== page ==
Parakeets, known for their bright colours and active nature, are increasingly becoming a favourite in many Singaporean homes. These birds, with their pleasant chirps and manageable size, are perfect for the urban settings of Singapore.
Continue reading to discover more about parakeets, from their unique behaviours to some essential care tips. Plus, get to know the costs associated with owning a parakeet in Singapore.
Parakeets are popular in Singapore because they’re seen as a symbol of good luck and fortune. According to Chinese culture, parakeets represent longevity and happiness.
Key Physical Traits of Parakeets
|Size||18 - 22 cm|
|Weight||30 - 50 grams|
|Height||12 - 16 cm|
|Life expectancy||6 - 30 years|
|Colour Variations||Green, blue, yellow, orange, white|
|Beak||Short, curved beak|
Did you know that you can identify your parakeet’s gender by inspecting the cere located just above its beak? Males typically sport a blue hue on the cere, whereas females exhibit a brown shade.
Common Parakeet Behaviours
Exploring the world of parakeets shows a range of interesting behaviours, highlighting their intelligence and sociability. These birds, hailed for their playful nature, have a unique way of forming strong bonds with their caregivers.
Their behaviours offer a glimpse into their thoughts and emotions, allowing pet owners to forge deep connections with these feathered friends. However, it’s important to note that these are just generalisations and there will always be individual birds that don’t fit the stereotype.
Parakeets are remarkably hygienic birds. They dedicate significant time to preening their feathers, skillfully using their beak to remove any dirt, parasites, and even loose feathers.
The tail wag of a parakeet can indicate multiple emotions. It’s a sign of their excitement or happiness. However, at times, it can also indicate that they’re feeling threatened or are in a defensive mode.
The act of beak grinding serves various purposes for parakeets. They might do it to sharpen their beaks, establish a sense of territory, or even as a way to relieve stress.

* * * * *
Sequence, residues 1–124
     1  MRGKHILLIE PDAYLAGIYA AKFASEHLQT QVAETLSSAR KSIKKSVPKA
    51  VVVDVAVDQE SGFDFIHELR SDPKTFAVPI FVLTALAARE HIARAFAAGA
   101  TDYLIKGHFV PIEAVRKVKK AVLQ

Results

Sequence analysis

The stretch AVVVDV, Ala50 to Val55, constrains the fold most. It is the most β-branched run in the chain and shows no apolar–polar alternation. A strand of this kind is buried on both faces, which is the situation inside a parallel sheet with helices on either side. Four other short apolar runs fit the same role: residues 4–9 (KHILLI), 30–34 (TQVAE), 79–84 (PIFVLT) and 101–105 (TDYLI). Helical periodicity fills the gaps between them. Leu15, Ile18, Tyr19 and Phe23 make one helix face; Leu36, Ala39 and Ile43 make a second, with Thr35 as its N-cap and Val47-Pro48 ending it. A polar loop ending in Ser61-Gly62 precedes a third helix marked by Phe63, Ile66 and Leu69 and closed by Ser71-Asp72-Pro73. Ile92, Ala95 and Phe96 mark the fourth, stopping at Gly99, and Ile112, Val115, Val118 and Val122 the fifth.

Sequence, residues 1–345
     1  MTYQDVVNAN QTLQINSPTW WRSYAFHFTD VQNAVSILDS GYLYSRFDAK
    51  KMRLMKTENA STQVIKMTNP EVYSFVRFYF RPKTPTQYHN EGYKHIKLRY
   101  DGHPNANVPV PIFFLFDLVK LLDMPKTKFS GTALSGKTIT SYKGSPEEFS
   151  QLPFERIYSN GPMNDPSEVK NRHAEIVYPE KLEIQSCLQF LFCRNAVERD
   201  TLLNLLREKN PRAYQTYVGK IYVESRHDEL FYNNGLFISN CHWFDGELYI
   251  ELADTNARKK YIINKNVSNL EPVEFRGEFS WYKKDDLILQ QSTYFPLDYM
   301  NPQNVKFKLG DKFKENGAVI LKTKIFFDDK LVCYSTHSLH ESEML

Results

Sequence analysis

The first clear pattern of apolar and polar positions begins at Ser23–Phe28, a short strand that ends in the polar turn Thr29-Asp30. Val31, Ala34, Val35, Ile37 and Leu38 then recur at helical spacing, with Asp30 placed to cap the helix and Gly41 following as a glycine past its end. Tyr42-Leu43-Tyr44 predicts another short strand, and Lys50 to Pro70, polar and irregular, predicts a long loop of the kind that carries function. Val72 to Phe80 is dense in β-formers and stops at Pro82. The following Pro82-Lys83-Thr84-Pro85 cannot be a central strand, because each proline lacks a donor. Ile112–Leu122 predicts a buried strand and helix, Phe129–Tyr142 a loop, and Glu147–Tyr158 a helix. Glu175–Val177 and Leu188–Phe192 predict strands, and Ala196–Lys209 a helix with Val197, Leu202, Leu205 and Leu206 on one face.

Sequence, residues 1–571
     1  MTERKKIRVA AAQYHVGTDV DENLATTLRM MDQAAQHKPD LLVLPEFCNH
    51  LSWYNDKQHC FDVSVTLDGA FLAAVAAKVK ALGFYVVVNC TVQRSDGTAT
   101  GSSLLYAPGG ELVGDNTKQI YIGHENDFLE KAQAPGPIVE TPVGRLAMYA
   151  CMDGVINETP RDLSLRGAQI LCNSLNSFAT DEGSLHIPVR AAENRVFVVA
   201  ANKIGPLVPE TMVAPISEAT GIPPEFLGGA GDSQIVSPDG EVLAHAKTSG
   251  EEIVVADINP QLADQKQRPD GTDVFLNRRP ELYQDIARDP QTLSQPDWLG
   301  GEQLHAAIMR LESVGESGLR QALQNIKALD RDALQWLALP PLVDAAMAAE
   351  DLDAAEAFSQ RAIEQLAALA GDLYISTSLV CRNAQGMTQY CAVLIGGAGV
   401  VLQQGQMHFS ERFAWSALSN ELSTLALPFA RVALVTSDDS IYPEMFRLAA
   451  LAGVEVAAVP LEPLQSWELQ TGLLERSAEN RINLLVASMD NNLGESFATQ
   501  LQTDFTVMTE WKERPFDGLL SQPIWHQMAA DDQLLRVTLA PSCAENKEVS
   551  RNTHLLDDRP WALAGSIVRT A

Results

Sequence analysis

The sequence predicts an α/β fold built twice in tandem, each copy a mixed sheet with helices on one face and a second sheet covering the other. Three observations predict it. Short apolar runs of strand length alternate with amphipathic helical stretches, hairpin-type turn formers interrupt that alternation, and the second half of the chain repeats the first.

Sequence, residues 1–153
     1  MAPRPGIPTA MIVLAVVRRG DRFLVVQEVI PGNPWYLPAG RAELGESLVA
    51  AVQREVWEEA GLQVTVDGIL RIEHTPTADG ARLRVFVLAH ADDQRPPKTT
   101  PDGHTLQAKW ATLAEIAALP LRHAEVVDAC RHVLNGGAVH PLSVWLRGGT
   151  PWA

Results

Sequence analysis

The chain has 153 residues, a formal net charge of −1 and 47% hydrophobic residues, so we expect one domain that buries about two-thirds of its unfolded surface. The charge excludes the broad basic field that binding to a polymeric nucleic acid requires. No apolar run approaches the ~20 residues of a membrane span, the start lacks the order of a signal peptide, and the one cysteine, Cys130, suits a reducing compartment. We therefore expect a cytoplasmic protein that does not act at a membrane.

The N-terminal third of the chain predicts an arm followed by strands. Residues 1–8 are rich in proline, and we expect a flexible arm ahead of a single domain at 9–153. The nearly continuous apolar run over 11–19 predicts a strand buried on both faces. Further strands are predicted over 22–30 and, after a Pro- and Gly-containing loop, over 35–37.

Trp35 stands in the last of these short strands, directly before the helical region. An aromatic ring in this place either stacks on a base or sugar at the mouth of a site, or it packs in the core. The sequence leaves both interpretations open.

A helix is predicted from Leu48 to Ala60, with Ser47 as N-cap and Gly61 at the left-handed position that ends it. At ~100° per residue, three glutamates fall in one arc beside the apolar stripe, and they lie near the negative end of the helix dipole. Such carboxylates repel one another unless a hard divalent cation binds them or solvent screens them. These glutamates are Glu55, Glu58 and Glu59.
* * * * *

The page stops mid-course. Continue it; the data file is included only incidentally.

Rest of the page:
As we dive into the world of parakeets, you’ll quickly discover their rich and varied vocal traits like:
Parakeets, though not as articulate as Macaws, can charmingly mimic words they hear. With patient training and repetition, these birds can surprise you with a chirpy “Hello!” Typically, male parakeets pick up words faster, but both genders are definitely adept talkers.
Whistling is the hallmark of a cheerful parakeet. It’s an art they can be taught, though it’s often suggested to introduce talking first. The simplicity and joy of whistling can be so enticing to them that they might bypass the urge to learn words if presented with this skill first!
A sound more melodious than simple chirps, singing is a parakeet’s way of bonding with others, marking its territory, or expressing joy. Typically, a parakeet that’s comfortable in their home will engage in frequent singing.
While parakeets are known for their daily delightful chatter, screaming isn’t their standard. An occasional spirited shriek is normal, but a true scream warrants concern. This sharp vocalisation may signal that something’s amiss, be it due to fear, discomfort, or injury.
How to Care for a Parakeet in Singapore
Owning a pet parakeet can be a delightful experience, but it also comes with its own set of responsibilities. These chirpy little wonders can brighten up your day with their vibrant colours and playful antics!
To ensure your parakeet thrives in Singapore’s urban setting, it’s crucial to give them the right care. Here’s a breakdown of everything you need to keep your feathered friend chirpy and content:
Housing a Parakeet
The right living space for your parakeet is crucial for his overall well-being. Here’s what you need to consider:
- Cage size and shape
When it comes to housing parakeets, the cage’s length takes precedence over its height. An ideal cage would measure approximately 46cm in length, 46cm in height, and 61cm in width.
Essential for any parakeet’s habitat, it’s vital to choose perches that your parakeet can comfortably grip. Incorrectly sized perches can be challenging for the bird and may even lead to injuries. Incorporating a range of shapes and textures for these perches can exercise and stimulate their feet.